Shehanshahon ke shenhanshah, the emperor of emperors, Jalaluddin Muhammad Akbar looks down at the blisters on his feet. He has walked miles on stone and dust, in the heat of the midday sun, like a mere commoner, to this little town called Sikri, just to seek the blessing of Shaikh Salim Chisti, the revered saint.
What his heart aches for is an heir to his throne; he is till now, childless. The Sufi saint did indeed bless him, predicting the birth of not one, not two but three sons, three possible heirs to the glory of the great Mughals.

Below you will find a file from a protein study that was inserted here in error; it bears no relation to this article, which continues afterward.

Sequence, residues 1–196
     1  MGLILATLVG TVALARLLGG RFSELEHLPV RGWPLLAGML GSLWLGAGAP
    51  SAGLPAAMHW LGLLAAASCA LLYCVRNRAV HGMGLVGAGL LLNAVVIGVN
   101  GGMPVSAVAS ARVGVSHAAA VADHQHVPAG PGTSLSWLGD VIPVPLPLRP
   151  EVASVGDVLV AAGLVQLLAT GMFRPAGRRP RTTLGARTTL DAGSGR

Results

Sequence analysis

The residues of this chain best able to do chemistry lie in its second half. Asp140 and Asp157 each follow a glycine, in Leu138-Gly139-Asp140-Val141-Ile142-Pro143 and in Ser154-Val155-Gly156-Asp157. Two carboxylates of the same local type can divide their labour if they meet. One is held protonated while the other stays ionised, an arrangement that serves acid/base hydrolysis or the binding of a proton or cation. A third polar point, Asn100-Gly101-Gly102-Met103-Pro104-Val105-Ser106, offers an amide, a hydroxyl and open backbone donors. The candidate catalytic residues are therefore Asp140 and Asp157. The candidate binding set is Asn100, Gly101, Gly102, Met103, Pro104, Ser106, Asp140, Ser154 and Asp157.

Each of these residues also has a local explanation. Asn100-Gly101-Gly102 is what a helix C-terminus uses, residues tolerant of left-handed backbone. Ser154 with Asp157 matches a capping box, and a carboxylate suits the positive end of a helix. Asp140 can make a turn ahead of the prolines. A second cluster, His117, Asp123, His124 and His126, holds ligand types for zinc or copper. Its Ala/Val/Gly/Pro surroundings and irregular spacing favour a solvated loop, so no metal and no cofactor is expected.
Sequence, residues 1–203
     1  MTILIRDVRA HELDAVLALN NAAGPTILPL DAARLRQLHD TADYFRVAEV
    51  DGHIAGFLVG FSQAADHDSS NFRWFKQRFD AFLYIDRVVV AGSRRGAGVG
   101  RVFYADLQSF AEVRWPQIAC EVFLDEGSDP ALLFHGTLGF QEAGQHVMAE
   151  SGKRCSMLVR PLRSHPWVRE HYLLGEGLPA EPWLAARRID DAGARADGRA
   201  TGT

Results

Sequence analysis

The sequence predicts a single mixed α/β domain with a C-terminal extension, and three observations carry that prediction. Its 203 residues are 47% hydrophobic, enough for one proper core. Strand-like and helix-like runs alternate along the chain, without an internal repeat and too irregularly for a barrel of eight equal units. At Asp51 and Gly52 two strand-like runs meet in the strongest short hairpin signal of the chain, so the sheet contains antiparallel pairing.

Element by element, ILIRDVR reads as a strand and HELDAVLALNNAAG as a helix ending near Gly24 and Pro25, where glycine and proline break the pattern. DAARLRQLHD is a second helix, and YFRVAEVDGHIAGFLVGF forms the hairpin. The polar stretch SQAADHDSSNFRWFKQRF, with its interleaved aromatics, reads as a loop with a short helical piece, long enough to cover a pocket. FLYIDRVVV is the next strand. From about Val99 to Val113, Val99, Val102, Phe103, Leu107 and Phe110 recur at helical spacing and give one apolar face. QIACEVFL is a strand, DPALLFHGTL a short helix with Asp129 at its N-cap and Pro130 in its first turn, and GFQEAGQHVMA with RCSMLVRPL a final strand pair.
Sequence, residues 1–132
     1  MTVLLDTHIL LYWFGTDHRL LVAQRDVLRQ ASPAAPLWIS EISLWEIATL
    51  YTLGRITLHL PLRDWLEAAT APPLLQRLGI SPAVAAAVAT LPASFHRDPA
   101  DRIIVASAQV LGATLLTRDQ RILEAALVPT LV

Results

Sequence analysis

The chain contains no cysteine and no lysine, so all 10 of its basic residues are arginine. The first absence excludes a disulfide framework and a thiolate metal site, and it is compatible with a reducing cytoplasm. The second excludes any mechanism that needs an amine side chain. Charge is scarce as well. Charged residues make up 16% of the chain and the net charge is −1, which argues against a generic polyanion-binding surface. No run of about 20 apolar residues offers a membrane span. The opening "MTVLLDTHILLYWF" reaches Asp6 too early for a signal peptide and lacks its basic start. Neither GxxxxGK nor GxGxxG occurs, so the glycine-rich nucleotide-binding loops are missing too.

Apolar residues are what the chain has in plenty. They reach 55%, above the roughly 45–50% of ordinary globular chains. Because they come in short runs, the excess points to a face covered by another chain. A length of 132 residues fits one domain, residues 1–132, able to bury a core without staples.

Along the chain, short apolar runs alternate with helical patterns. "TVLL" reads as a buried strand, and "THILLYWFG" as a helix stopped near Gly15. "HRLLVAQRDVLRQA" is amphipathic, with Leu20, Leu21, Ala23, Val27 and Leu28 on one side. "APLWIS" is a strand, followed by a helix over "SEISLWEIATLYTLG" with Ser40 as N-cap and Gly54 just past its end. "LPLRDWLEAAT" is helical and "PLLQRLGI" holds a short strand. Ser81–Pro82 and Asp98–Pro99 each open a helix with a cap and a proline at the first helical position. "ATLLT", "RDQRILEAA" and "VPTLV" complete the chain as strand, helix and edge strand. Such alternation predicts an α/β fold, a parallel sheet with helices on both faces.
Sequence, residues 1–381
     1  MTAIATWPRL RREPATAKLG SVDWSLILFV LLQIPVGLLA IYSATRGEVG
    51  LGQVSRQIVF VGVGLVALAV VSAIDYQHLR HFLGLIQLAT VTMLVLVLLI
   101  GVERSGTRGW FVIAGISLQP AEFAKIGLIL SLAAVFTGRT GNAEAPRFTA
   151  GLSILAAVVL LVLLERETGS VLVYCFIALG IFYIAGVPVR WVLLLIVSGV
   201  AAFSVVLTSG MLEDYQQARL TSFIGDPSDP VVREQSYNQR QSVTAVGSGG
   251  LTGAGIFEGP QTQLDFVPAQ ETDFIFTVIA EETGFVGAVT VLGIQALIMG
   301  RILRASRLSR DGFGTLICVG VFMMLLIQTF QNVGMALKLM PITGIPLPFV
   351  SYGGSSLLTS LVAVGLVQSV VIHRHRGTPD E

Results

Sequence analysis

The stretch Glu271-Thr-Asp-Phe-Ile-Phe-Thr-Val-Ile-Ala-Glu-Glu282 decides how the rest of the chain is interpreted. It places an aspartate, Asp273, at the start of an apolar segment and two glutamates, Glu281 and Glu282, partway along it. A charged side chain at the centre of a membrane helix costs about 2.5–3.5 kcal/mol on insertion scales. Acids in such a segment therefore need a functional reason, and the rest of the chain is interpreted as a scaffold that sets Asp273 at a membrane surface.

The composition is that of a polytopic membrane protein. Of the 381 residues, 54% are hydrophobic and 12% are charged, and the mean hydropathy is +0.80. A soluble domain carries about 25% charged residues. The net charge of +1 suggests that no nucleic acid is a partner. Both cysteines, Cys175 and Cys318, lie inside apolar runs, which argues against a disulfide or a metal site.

What Akbar, childless and almost broken, doesn’t know is that the son he has asked for, the son who’ll ultimately be born, proving right Chisti’s prophecy, the son whom he’ll name Salim in honour of the great saint, will grow to be an obnoxiously rebellious offspring, and when the time came, will plot his own father’s overthrow, breaking his heart in two. Forever.
Today, Akbar knows nothing of that. For he is lost in the moment, in the promise that these blisters will not be for nothing. He is hopeful, believing, content.